The most memorable scene in Michael Ritchie's Prime Cut is the opening sequence, which shows us the grimy workings of a Kansas City slaughterhouse. We watch cows and pigs being chopped up and turned into all sorts of different meats, which is the sort of imagery that turns people into vegetarians. The footage is stomach-churning enough to begin with, but then it gets nastier: a human being is thrown into the mix, ground up into bits and turned into hot dogs. Meanwhile, a ironically sentimental Lalo Schifrin cue plays in the background, adding yet another weirdly nauseating element to the mix. Gross? Sure, but also one hell of a way to open a movie.
The human hot dogs are packaged and sent to Chicago. It turns out the ill-fated victim was a mob enforcer sent to collect money from the slaughterhouse owner: a ruthless pimp named Mary Ann (Gene Hackman, The French Connection). It seems that Mary Ann owes the mob $500,000, but he has no interest in paying. So, legendary enforcer Nick Devlin (Lee Marvin, The Big Red One) is sent to Kansas City to sort things out. He'll try to convince Mary Ann to hand over the money willingly, of course, but he knows that bloodshed will likely be necessary.
There's a sly metaphor to be found in Mary Ann's dual professions: he treats the human beings he sells with as much dignity as he treats the cows he slaughters. Unfortunately, the film worries that we won't get the point, so the screenplay has several characters patiently explain this to us on numerous occasions. “Cow flesh, girl flesh – it's all the same to me!” Mary Ann chuckles. To further drive the point home, Mary Ann hosts an all-you-can-eat buffet/sex slave sale in his barn, putting naked, drugged-up virgins on display while a roomful of meat-eating slobs leer at them and make bids. It's here that Nick confronts Mary Ann for the first time, and where he hears a whispered plea from a barely-conscious girl (Sissy Spacek, Carrie): “Help me.”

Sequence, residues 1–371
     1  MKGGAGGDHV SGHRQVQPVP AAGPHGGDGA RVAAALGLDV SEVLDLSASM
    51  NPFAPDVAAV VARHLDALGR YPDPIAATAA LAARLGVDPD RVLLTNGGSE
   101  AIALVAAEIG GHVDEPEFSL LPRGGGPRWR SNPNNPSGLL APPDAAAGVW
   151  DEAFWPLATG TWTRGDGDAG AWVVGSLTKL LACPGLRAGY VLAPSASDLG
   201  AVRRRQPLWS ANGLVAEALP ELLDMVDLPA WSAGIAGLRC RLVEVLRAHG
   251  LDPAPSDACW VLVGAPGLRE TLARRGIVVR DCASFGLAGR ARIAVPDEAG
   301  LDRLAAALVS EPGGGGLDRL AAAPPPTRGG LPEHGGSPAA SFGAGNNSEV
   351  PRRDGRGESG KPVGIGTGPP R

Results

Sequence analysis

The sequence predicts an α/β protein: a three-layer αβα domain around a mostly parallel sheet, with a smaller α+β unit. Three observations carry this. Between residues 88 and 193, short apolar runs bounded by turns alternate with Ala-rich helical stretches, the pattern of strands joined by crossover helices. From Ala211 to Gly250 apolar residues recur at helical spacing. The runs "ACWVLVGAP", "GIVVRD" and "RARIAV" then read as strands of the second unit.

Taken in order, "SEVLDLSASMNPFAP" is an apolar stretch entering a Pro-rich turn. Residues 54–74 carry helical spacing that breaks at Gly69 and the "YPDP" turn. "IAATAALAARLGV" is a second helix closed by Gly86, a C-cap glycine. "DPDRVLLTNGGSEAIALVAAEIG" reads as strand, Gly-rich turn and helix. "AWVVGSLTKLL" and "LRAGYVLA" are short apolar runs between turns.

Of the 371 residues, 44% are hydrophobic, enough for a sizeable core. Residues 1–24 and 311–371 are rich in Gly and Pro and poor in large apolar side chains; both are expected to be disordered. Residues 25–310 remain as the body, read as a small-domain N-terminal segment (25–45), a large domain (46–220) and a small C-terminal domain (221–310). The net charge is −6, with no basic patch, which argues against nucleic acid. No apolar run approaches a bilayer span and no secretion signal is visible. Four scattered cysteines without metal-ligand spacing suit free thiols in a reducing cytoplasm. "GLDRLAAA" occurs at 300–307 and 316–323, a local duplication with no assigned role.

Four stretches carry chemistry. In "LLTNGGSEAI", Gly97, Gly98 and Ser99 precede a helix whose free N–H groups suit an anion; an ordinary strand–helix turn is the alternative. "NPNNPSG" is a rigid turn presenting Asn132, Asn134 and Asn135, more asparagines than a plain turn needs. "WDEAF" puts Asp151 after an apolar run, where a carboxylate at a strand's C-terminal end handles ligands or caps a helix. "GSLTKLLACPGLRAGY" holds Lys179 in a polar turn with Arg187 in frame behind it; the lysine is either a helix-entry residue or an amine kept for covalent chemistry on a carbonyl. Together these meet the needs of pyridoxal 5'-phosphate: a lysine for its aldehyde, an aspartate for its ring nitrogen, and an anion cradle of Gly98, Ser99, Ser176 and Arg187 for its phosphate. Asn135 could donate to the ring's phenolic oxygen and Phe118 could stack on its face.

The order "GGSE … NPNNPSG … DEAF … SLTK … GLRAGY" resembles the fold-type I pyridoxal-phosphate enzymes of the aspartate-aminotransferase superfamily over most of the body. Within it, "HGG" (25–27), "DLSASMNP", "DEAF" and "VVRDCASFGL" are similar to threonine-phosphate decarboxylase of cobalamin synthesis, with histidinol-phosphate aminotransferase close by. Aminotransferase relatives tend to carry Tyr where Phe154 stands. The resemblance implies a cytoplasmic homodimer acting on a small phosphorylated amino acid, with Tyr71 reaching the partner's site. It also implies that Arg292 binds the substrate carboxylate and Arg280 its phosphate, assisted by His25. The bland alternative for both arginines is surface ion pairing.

Nick is a professional killer, but he feels sorry for the girl and takes her as a “down payment.” He takes her to his hotel, buys her clothes and vows to watch out for her until the whole situations is resolved. She reveals that her name is “Poppy,” and that's just about all the character development she gets. The film sternly preaches against the notion of regarding women as meat, but it certainly doesn't have a problem with regarding them as personality-free eye candy. For the remainder of the film, Spacek's role is to look pretty, coo over the hero and get naked every so often. It's an unflattering big-screen debut, but it wouldn't take long for filmmakers to figure out that Spacek was a real actress.
The film's first act has a number of promising moments, but the lurid setup quickly gives way to a series of dull, cynical speeches about America (again, usually containing a handful of clumsy meat metaphors) and a host of bland action scenes. Marvin and Hackman are fine actors – and their scenes together are undeniably engaging – but both characters are short-changed by the script. Marvin doesn't get to do anything other than look serious, and Hackman isn't given quite enough scenes (though he certainly brings a violent energy to all of them). Too much of the film's second half is dull shootouts, but given the hammy nature of the dialogue, maybe that's for the best. A scene at a county fair perhaps represents the film's low point, with hundreds of local citizens presented as dumb hicks who don't even notice when a gunfight is happening in their vicinity.
A couple of supporting characters make strong first impressions and quickly prove disappointments. Mary Ann's dumb brother Weenie (Gregory Walcott, Ed Wood) is an imposingly nasty figure during the opening montage, but he quickly begins to feel like a stereotypical cartoon (particularly after the third or fourth scene of Weenie stuffing some sort of meat product into his mouth). Then there's Clarabelle (Angel Tompkins, The Teacher), Nick's ex-girlfriend and Mary Ann's current wife. There's a lot of build-up to Clarabelle's entrance – she's described as the sort of woman no man can resist – but the film presents her as more of a fantasy woman than a real character.
Ritchie was a capable director (he also helmed The Bad News Bears and The Candidate), and there are moments when his talent shines through. He serves up one terrific action scene involving a combine harvester, and there are stray moments when the film taps into the sort of crazed satirical savagery it seems to be aiming for. However, it's difficult to regard Prime Cut as anything other than a disappointment. Despite some promising moments, it swings to the “exploitative junk” side of the pendulum a bit too often and doesn't give its terrific trio of lead actors nearly enough of interest to do. It wants to be a high-quality steak, but too often it's just pink slime.
Rating: ★★ (out of four)
MPAA Rating: R
Running Time: 88 minutes
Release Year: 1972